|US3991766||Apr 3, 1975||Nov 16, 1976||American Cyanamid Company||Controlled release of medicaments using polymers from glycolic acid|
|US3992336||Oct 1, 1974||Nov 16, 1976||Union Carbide Corporation||Shaped article for conditioning hair fabricated from quaternary nitrogen-containing cellulose ether|
|US4018729||Nov 10, 1975||Apr 19, 1977||Union Carbide Corporation||Shaped article for conditioning hair a blend of water-soluble and water-insoluble polymers with interpenetrating networks|
|US4033365||Jan 23, 1976||Jul 5, 1977||Johnson & Johnson||Flavored dental articles|
|US4071645||Mar 12, 1976||Jan 31, 1978||Acme Chemical Company||Aqueous coating composition|
|US4170821||Dec 2, 1977||Oct 16, 1979||Warner-Lambert Company||Razor cartridges|
|US4201599||Jul 6, 1978||May 6, 1980||Trevor Morgans||Restoration and protection of cutting surfaces|
|US4208984||Oct 12, 1978||Jun 24, 1980||Norman Glanzman||Razor usage indicator|
|US4257188||Jan 30, 1979||Mar 24, 1981||Cpg Products Corp.||Toy dolls and figurines having surface portions of reversibly changeable color|
|US4268958||Nov 1, 1979||May 26, 1981||Ray Hilbert||Apparatus and method for counting the number of shaves for which a razor blade is used|
|US4307739||May 27, 1980||Dec 29, 1981||Chern Horng Y||Hygienic comb and brush|
|US4311479 *||Jun 23, 1980||Jan 19, 1982||Exterma-Germ Products Ltd.||Method of indicating the presence of an impregnant in a substrate|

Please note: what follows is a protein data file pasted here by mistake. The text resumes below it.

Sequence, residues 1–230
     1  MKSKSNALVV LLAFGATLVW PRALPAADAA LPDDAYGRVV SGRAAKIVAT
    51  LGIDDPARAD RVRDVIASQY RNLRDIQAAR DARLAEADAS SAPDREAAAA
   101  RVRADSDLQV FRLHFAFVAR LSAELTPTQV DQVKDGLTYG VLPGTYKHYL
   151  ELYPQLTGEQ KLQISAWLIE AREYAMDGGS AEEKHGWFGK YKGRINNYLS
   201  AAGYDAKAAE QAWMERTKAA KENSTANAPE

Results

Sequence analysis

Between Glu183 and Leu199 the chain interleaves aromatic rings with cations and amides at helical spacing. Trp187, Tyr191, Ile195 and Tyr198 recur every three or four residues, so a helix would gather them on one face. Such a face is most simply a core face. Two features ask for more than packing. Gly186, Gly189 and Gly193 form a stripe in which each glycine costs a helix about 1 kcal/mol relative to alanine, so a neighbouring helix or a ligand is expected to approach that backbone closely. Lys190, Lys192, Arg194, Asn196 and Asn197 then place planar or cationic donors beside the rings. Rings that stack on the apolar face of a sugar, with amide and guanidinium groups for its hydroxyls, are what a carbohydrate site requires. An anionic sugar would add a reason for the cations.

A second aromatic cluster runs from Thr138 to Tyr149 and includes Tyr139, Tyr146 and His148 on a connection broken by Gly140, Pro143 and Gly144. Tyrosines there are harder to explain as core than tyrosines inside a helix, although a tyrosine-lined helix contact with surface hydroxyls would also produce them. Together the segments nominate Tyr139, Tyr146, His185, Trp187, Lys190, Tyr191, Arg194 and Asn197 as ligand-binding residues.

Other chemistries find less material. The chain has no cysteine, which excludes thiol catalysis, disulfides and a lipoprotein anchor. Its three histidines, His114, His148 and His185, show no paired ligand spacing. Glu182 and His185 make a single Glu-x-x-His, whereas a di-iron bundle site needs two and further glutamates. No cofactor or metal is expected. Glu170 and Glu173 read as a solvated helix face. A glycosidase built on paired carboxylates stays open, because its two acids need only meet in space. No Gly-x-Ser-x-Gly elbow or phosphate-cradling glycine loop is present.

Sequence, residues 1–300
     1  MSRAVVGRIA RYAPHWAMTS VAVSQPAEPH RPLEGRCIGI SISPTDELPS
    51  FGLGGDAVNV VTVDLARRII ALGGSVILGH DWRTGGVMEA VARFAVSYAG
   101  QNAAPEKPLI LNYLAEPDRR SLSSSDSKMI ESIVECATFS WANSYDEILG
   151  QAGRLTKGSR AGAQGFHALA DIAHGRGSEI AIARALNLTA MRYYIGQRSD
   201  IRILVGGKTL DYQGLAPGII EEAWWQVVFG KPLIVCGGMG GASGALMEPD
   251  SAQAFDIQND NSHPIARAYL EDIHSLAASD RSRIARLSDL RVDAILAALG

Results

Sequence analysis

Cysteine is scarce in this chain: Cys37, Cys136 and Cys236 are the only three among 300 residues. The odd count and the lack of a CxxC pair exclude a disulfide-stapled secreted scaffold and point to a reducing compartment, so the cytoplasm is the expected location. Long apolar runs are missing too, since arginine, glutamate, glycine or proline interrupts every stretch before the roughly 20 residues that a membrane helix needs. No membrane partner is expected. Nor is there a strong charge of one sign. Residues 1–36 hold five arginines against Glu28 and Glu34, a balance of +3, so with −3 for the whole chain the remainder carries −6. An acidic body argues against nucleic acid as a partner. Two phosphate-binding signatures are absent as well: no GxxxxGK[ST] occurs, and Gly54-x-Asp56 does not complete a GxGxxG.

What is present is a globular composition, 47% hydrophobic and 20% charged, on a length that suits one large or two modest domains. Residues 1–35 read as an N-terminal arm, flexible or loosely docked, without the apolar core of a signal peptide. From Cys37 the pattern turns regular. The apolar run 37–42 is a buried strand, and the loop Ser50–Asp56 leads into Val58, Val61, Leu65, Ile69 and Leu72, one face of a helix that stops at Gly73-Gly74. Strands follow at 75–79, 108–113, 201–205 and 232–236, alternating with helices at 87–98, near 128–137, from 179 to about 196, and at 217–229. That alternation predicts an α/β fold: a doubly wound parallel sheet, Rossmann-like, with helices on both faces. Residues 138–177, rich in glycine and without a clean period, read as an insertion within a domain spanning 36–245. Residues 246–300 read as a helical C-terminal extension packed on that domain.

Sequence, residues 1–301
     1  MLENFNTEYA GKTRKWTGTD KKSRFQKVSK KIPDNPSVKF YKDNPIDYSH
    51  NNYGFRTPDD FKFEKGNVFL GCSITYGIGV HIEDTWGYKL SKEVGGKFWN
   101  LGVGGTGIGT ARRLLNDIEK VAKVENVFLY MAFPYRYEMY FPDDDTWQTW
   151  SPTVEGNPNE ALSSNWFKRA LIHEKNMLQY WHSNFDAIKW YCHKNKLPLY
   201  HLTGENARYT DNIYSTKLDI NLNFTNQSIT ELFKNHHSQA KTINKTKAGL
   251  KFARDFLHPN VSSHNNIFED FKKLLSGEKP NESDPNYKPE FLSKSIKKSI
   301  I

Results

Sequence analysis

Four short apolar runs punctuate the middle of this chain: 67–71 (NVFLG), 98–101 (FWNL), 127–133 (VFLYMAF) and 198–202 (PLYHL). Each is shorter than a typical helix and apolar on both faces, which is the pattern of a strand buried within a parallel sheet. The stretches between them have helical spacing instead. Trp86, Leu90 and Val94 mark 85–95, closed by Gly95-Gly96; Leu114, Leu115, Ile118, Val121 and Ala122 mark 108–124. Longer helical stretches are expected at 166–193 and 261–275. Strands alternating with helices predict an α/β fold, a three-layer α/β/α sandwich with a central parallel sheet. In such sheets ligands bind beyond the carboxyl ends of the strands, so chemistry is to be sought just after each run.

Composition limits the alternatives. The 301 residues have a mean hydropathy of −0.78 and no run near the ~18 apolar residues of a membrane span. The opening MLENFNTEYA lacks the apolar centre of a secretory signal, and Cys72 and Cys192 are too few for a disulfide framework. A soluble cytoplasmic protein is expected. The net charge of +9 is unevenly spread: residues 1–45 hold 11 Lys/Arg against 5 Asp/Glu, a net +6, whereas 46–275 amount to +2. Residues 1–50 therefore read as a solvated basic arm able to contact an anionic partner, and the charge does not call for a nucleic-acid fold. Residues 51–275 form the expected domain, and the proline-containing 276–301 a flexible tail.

|US4381293||Jan 11, 1982||Apr 26, 1983||Michel George H||Shaving composition|
|US4404040 *||Jul 1, 1981||Sep 13, 1983||Economics Laboratory, Inc.||Short chain fatty acid sanitizing composition and methods|
|US4411041||Mar 3, 1981||Oct 25, 1983||Renato Braga||Silver-plated tooth brush|
|US4479501||Apr 5, 1982||Oct 30, 1984||Chern Horng Y||Cassette type hygienic comb and brush|
|US4517703||May 24, 1984||May 21, 1985||Koke Eric J||Hair brush with cleaning feature|
|US4586255||Oct 15, 1984||May 6, 1986||The Gillette Company||Razor blade assembly|
|US4604604||Jun 29, 1984||Aug 5, 1986||International Harvester Company||Vapor emitting wear indicator|
|US4624051||Dec 7, 1984||Nov 25, 1986||The Gillette Company||Shaving unit|
|US4685883||Jul 26, 1985||Aug 11, 1987||Jernberg Gary R||Local delivery of chemotherapeutic agents for the treatment of periodontal disease|
|US4697342||Jul 21, 1986||Oct 6, 1987||Warner Lambert Company||Cap for razor blade assembly adapted to receive an extra element|
|US4701404 *||Sep 13, 1985||Oct 20, 1987||Konishiroku Photo Industry Co., Ltd.||Silver halide color photographic material of high sensitivity and improved granularity|
|US4713243||Jun 16, 1986||Dec 15, 1987||Johnson & Johnson Products, Inc.||Bioadhesive extruded film for intra-oral drug delivery and process|
|US4759713||Jul 23, 1986||Jul 26, 1988||Baxter Travenol Laboratories, Inc.||Disposable dental tool|
|US4780320||Apr 29, 1986||Oct 25, 1988||Pharmetrix Corp.||Controlled release drug delivery system for the periodontal pocket|
|US4802255||Aug 10, 1987||Feb 7, 1989||Gillette Canada Inc.||Novel brush filaments|
|US4834076||Apr 15, 1986||May 30, 1989||Millet Jean M||Device for treating the external human epithelium, process for its manufacture and process for using such a device|
|US4837007||Dec 5, 1986||Jun 6, 1989||Lever Brothers Company||Fluoridating oral cavity|